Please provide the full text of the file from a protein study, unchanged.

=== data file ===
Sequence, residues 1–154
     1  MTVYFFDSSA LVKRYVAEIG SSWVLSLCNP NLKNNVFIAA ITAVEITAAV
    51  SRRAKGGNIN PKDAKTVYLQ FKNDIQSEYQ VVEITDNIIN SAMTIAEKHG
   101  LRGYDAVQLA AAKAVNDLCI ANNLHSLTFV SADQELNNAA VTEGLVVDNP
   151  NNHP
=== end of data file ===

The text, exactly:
Sequence, residues 1–154
     1  MTVYFFDSSA LVKRYVAEIG SSWVLSLCNP NLKNNVFIAA ITAVEITAAV
    51  SRRAKGGNIN PKDAKTVYLQ FKNDIQSEYQ VVEITDNIIN SAMTIAEKHG
   101  LRGYDAVQLA AAKAVNDLCI ANNLHSLTFV SADQELNNAA VTEGLVVDNP
   151  NNHP